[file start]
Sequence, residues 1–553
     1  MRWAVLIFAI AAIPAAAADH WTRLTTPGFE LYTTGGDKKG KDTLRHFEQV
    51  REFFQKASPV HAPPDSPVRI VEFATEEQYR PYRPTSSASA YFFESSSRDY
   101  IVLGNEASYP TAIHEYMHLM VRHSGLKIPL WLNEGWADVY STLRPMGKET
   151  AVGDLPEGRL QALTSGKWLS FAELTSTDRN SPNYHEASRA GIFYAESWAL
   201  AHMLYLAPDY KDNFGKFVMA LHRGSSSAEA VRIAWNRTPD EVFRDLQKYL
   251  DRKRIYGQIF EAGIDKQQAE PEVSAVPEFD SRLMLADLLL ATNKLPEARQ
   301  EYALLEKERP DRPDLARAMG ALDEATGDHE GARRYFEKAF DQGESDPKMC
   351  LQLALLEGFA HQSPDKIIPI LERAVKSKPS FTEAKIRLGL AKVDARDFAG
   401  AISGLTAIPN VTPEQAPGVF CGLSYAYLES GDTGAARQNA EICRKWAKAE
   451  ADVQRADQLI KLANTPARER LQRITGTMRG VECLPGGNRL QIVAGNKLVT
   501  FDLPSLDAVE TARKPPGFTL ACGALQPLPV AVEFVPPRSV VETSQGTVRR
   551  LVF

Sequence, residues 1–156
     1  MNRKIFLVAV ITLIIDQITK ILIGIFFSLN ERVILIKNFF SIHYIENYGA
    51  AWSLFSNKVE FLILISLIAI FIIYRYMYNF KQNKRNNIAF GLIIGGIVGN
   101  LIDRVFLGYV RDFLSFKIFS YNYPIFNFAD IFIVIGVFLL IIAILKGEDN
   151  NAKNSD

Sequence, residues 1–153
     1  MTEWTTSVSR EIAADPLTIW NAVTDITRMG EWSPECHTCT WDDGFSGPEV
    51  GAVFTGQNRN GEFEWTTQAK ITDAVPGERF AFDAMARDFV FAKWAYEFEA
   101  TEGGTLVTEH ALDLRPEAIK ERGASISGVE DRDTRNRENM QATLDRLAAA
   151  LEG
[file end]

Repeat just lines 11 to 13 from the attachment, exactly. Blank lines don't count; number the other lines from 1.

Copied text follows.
   451  ADVQRADQLI KLANTPARER LQRITGTMRG VECLPGGNRL QIVAGNKLVT
   501  FDLPSLDAVE TARKPPGFTL ACGALQPLPV AVEFVPPRSV VETSQGTVRR
   551  LVF